Emotional intelligence has emerged as a differentiating factor in the world of business. Moreover, hiring the right talent in a competitive global war on talent continues to be one key factor in maintain a competitive advantage. The premise of this research rests in the hypothesis that hiring managers who have higher levels of emotional intelligence will hire people that perform better and contribute more to the overall goals of the organization. Roughly 100 participants from a variety of functional disciplines in the study and two credible instruments measuring emotional intelligence and performance were utilized. The study proceeds using a quantitative regression approach to ascertain any relationship between en variables. In the end, the hypothesis that hiring managers with higher levels of emotional intelligence will select higher performing people does not show a significant enough correlation to reject the null hypothesis. However, this information is useful so that corporations think twice before placing too much emphasis on emotional intelligence in the hiring process. The study is also fodder for future research.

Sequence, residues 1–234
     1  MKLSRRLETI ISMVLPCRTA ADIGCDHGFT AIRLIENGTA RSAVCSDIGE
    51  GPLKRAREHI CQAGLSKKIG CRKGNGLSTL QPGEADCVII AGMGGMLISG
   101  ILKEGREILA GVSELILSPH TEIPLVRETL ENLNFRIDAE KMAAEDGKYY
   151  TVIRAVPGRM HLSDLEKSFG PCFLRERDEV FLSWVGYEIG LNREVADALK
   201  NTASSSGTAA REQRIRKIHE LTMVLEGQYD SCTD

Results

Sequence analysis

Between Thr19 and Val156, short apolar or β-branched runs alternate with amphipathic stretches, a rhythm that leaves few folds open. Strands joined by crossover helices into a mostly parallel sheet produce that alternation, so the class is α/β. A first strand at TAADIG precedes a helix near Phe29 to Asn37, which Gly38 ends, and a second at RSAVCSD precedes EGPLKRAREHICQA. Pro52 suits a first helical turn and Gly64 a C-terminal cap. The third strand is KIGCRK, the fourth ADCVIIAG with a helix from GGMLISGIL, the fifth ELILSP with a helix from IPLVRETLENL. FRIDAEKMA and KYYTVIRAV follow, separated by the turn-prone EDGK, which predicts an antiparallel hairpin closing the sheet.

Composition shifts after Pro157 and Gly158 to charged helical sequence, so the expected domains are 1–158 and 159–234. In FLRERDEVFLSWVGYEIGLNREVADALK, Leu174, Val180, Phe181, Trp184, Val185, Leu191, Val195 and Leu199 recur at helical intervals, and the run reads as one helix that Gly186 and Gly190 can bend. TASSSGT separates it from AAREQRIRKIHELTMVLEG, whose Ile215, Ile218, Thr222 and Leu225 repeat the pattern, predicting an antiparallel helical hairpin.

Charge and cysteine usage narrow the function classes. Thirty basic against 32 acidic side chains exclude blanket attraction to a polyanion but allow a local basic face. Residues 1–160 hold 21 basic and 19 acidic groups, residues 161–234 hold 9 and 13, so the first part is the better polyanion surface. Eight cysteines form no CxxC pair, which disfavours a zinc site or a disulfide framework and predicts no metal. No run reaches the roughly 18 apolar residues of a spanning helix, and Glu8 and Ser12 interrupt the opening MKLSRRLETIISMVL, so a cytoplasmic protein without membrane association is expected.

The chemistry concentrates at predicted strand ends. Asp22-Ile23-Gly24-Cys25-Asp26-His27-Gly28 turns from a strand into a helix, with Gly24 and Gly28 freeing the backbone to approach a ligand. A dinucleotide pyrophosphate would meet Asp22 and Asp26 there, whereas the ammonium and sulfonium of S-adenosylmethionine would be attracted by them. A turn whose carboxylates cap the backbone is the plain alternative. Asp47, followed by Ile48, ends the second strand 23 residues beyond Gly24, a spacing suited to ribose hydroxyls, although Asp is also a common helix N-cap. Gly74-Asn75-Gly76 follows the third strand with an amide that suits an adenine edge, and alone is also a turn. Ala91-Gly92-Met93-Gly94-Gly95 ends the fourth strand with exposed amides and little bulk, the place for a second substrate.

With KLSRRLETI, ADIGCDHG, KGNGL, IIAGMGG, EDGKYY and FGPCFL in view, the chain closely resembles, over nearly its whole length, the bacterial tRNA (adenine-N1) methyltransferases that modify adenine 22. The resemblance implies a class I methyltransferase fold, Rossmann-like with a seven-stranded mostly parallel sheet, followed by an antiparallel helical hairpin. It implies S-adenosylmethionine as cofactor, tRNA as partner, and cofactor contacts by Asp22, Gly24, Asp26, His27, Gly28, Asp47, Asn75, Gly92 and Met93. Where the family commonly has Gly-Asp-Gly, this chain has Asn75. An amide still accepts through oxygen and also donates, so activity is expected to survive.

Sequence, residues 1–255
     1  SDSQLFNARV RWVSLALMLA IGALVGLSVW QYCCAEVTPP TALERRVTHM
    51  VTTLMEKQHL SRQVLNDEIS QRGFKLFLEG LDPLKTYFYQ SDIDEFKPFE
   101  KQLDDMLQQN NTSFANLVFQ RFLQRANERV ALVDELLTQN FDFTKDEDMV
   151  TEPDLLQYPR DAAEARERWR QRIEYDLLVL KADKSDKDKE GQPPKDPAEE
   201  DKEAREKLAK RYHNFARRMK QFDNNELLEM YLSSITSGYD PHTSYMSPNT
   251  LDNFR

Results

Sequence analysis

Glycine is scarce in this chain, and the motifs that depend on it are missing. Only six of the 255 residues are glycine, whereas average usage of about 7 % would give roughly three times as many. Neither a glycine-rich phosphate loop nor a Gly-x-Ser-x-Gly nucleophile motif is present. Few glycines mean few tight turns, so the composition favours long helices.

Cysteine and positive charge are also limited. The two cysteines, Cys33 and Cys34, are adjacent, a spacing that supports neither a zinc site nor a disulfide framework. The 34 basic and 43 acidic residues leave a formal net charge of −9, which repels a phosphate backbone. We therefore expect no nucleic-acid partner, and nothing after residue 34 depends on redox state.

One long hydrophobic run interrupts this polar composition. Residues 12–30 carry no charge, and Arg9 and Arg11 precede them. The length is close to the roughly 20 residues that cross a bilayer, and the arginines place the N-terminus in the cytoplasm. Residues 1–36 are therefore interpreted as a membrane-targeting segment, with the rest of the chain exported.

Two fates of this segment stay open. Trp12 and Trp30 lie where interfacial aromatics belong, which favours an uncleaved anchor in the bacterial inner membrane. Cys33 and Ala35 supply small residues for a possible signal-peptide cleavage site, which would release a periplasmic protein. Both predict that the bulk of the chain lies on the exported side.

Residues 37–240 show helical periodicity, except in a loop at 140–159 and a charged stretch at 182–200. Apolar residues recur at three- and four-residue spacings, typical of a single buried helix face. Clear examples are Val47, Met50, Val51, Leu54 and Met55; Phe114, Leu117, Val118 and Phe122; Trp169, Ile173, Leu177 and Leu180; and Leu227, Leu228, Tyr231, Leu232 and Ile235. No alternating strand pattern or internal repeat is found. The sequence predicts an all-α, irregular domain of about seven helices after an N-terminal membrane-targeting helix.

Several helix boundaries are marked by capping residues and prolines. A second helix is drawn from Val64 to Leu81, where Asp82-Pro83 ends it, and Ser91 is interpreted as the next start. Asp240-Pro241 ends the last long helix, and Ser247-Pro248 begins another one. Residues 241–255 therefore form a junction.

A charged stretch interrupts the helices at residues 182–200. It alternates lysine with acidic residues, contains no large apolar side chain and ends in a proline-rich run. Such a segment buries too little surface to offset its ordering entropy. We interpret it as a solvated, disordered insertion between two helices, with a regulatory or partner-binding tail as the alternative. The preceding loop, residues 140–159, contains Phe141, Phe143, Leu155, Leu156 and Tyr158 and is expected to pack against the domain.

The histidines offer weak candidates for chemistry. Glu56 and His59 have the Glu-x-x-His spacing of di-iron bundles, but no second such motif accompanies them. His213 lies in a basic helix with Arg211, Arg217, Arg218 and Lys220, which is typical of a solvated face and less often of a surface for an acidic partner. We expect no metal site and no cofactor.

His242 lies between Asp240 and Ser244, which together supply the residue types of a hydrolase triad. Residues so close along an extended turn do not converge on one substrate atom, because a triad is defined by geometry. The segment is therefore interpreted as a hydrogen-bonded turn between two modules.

|Subjects||Management; Occupational psychology; Personality psychology|
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